Re: [TreeView] Performance of TreeView with huge lists

On Mon, 2008-02-11 at 22:20 +0100, Kristian Rietveld wrote:
> is there any way that giving a user a list of
> 100 million items is going to be useful?

I would have said "no", but someone did present to me an interesting
take on the matter a few weeks ago when Davyd and I were giving the GTK
& GNOME tutorial at

A person approached me and whinged about TreeView performance on
ludicrously large datasets (he cited "millions of rows"). I mostly spent
my time explaining that he could either:

        a) develop an alternative navigation scheme (say, Buttons) than
        the scrollbars of  Widget-in-ScrolledWindow, thereby only
        needing a ListStore with 20-30 rows in it, or

        b) derive a custom TreeModel subclass that lazy-loads its data
        as needed by the TreeView, thereby keeping the scrollbar
        semantics. [Davyd piped up and noted that he had used this
        technique in via pygtk quite successfully when dealing with
        large seismic data sets]

Mostly the gentlemen kept complaining that ListStore should already just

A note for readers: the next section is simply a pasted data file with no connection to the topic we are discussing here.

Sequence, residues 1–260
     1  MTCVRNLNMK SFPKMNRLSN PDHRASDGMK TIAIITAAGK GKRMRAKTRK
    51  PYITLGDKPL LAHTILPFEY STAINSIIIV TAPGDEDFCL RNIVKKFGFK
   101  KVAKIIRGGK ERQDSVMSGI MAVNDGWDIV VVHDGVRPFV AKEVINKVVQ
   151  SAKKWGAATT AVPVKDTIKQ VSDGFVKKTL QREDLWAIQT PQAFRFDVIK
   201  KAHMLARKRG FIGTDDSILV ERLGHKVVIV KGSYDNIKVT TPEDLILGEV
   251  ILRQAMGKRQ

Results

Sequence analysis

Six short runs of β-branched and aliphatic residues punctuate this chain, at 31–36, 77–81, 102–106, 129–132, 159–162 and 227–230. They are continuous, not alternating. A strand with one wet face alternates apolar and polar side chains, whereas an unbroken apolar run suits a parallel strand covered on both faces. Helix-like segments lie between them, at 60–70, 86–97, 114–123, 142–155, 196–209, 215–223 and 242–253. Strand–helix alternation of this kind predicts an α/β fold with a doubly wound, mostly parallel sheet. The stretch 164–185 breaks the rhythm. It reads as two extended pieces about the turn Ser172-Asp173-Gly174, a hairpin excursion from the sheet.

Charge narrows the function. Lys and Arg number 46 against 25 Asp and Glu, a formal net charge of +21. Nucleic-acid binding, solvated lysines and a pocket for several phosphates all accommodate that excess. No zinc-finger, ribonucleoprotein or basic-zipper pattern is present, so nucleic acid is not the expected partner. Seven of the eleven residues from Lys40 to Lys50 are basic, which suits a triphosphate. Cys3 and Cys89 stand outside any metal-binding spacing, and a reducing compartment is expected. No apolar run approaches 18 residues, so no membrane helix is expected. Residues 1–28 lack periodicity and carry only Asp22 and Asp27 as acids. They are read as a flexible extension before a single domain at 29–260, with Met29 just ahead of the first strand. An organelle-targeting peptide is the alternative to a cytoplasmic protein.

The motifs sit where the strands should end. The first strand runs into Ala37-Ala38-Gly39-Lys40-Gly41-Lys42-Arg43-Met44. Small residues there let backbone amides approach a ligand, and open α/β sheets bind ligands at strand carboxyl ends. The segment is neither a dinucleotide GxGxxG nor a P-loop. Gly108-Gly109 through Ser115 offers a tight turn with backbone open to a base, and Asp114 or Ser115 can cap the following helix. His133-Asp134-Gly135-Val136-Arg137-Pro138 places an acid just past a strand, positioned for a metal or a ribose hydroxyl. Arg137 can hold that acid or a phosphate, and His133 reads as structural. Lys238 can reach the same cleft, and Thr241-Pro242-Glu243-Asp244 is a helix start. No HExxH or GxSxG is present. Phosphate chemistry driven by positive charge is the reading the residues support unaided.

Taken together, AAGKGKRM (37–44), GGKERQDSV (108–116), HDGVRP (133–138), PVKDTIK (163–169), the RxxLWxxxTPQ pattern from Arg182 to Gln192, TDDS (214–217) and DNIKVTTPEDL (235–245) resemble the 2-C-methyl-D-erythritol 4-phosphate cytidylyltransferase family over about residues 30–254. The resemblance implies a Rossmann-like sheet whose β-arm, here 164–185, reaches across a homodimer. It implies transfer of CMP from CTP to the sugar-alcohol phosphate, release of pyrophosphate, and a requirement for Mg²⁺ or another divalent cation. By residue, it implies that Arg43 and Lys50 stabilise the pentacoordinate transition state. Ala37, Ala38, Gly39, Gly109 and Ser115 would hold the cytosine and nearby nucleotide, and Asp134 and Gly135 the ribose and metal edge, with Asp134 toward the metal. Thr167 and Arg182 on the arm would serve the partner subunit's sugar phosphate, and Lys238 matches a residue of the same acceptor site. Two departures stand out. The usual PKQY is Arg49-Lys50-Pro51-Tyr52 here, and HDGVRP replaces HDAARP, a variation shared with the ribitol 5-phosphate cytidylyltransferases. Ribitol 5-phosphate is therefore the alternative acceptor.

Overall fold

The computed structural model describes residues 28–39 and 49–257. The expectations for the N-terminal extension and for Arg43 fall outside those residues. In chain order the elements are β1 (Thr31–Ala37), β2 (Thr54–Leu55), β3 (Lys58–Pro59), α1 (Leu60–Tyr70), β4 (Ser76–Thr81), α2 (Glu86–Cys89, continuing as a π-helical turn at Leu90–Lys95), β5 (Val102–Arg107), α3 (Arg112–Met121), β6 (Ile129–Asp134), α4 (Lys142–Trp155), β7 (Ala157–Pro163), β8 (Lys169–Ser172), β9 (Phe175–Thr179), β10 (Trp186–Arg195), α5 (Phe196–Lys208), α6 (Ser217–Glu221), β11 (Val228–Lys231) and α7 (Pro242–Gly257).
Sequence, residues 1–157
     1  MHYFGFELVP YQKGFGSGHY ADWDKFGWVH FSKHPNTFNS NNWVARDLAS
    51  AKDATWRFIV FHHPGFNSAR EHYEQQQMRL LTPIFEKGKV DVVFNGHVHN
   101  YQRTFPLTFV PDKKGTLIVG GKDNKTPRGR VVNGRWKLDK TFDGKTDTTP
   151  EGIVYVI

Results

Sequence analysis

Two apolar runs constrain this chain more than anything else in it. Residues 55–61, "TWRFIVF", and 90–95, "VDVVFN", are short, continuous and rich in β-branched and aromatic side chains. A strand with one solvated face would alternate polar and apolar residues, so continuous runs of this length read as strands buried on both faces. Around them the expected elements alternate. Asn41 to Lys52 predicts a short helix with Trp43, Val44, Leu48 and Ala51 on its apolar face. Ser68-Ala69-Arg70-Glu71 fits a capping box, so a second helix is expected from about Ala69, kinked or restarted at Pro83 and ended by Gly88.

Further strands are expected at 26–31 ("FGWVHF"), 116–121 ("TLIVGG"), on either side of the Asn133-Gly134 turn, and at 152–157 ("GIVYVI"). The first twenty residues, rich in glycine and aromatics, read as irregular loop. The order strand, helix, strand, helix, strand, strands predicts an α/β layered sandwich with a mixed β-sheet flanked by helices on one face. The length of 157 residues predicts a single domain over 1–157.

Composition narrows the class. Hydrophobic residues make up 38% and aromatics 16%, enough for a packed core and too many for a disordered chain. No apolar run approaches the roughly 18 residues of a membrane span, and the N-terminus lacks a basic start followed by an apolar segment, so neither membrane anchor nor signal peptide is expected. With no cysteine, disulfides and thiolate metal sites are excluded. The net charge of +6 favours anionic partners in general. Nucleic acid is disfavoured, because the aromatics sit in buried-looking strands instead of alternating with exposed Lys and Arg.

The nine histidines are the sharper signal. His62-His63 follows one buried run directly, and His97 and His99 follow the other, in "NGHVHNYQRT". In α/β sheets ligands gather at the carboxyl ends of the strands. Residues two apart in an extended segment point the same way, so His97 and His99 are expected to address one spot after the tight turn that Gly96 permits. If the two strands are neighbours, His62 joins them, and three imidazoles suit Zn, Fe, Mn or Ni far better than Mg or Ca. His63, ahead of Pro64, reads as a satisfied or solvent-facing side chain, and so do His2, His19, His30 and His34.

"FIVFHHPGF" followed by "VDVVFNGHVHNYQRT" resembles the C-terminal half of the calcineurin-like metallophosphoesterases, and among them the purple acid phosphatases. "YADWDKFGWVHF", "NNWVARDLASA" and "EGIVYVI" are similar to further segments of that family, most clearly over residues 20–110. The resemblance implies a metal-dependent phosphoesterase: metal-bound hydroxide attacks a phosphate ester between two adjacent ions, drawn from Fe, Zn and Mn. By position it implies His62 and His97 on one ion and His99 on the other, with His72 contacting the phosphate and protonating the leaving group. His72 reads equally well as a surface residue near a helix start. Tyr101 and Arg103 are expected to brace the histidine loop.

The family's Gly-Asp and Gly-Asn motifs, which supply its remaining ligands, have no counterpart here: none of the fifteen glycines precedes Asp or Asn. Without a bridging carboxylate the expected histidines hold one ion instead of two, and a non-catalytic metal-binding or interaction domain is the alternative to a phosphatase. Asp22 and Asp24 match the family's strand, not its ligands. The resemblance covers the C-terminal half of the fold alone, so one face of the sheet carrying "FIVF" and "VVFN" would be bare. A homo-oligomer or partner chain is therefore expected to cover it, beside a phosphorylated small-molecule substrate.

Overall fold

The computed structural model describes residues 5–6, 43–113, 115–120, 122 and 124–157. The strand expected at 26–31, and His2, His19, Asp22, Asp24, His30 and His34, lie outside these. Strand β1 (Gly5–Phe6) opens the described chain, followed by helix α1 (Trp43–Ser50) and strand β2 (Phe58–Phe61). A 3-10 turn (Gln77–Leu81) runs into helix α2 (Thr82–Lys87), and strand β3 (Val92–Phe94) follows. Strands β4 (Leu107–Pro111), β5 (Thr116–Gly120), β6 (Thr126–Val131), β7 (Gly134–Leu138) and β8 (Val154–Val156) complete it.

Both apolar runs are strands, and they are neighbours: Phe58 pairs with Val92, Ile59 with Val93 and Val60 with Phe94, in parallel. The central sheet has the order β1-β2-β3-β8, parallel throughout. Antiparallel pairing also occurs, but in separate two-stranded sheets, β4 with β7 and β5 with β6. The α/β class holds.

do this for him and seemed to be expecting us to fix it for him (that
went over well, as you could imagine). He finally described his use
case, though, and my scepticism abated somewhat.

Apparently in the GUI on top of the Wireshark (formerly known as
Ethereal) packet analyzer, people like to madly scroll up and down
through a list showing a few million rows of packet dump looking for
"something that changes".


I'm not sure our update speed could ever be sufficient for such
scrolling to actually be drawn fast enough for such cues to be noticed
(though we all appreciate the efforts of anyone who profiles and can
suggest improvements in our scrolling performance).

But as a general thought, letting the eye scan for elements which break
a pattern IS a viable form of interface. I'm not convinced that
scrolling through a TreeView with 1.0e8 rows is the best way to do such
a thing, but from a usability standpoint scanning is legit, and perhaps
someday we can think about what we might do to help that sort of UI

In the mean time, I'm with everyone else: ListStore is the way it is for
the general purpose it serves; if one don't like it, then TreeModel is
there to be subclassed.


Andrew Frederick Cowie

Operational Dynamics is an operations and engineering consultancy
focusing on IT strategy, organizational architecture, systems review,
and change management procedures. We carry out research and development
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